Australian Sen. Larissa Waters, deputy co-leader of the Australian Greens party, became the first woman in Australian political history to breastfeed a baby during a Parliament session on May 9.
Waters returned to the Parliament after 10 weeks of maternity leave, and breastfed her 2-month-old daughter and second child, Alia Joy, during a vote for a Greens policy motion on a federal budget.
"So proud that my daughter Alia is the first baby to be breastfed in the federal Parliament! We need more #women & parents in Parli #auspol," Waters tweeted.
Fellow Greens senator Janet Rice tweeted a swift congratulations to Waters for making history, and Labor Party Sen. Katy Gallagher told Sky News that it was "refreshing to see Australia follow suit in the global trend and accommodate the idea of woman doing their job, being at work and looking after their babies."
The milestone comes after Waters played a prominent role in pushing the Senate to allow female politicians to bring their children into Parliament for breastfeeding. Prior to an amendment to the house rules enacted on Feb. 1, 2016, children were banned from entering the parliamentary chambers and breastfeeding mothers were given a proxy vote.
Coalition MP Andrew Southcott opened an inquiry into the matter and began revisiting "antiquated" parliamentary rules in November 2015 after more than 10 parliament members welcomed babies into their families.
"As the numbers of breastfeeding members in the House have increased, the need for adequate provisions to support these women has become apparent," Southcott told ABC News.
The senator announced the arrival of her daughter in a Facebook post on March 7 and foreshadowed her daughter's landmark appearance.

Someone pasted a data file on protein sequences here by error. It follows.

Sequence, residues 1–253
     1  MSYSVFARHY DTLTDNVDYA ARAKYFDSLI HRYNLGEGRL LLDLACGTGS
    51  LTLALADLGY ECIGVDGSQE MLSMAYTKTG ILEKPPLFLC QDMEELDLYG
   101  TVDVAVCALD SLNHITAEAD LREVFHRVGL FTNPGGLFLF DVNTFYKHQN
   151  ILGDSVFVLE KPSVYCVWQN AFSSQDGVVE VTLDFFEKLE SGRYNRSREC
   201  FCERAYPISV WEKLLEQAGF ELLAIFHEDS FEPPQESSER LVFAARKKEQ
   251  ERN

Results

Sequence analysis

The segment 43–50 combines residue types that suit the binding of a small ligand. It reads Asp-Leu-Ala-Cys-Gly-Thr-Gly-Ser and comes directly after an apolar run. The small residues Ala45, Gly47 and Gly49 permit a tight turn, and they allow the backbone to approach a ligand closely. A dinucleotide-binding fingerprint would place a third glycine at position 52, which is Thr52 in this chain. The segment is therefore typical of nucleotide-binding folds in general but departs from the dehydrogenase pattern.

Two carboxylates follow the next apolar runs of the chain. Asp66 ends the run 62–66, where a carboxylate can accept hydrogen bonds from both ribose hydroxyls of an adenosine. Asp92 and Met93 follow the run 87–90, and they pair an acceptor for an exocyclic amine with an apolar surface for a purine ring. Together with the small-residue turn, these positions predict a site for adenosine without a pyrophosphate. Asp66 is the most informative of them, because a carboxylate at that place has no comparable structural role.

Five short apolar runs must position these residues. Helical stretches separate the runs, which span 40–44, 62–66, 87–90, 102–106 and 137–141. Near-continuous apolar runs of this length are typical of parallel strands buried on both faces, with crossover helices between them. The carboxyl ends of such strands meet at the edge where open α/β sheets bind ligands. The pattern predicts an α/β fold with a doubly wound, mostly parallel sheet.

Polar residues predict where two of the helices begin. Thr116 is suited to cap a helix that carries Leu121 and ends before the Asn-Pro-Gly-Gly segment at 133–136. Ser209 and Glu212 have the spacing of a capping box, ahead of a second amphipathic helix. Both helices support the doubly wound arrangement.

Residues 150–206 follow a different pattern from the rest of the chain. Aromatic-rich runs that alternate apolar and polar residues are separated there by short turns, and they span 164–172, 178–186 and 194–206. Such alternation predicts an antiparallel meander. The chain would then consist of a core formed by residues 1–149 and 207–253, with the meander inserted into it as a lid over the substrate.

"I'll be having a few more weeks off but will soon be back in parliament with this little one in tow. She is even more inspiration for continuing our work to address gender inequality and stem dangerous climate change. (And yes, if she's hungry, she will be breastfed in the Senate chamber)," Waters wrote.
Waters' actions have come as a welcome surprise, given Parliament's past treatment of female members who have tried to breastfeed in the past. In 2015, Chief Government Whip Scott Buchholz asked Parliament member Kelly O'Dwyer if she'd considered expressing more milk as a means to avoid missing parliamentary sessions.
In 2003, a sergeant-at-arms told Parliament member Kristie Marshall that she had committed a parliamentary transgression by breastfeeding her 11-day-old daughter, Charlotte, before the start of question time and was escorted into a room to continue feeding her baby. "You can't have a stranger in the House, and she hasn't been elected to parliament," he reasoned with Marshall.
However, a chain of women lawmakers globally have set off a trend to make it acceptable to breastfeed while working in government.
Italian politician, Licia Ronzulli brought her then 7-week-old daughter to European Parliament in September 2010 and still takes her along during voting measures.
"It was not a political gesture. It was first of all a maternal gesture — that I wanted to stay with my daughter as much as possible, and to remind people that there are women who do not have this opportunity [to bring their children to work], that we should do something to talk about this," Ronzulli told The Guardian at the time.
Spanish MP Carolina Bescansa provoked criticism on January 13, 2016, when she breastfed her baby during a parliamentary session, with some calling it "lamentable" and "frankly unnecessary."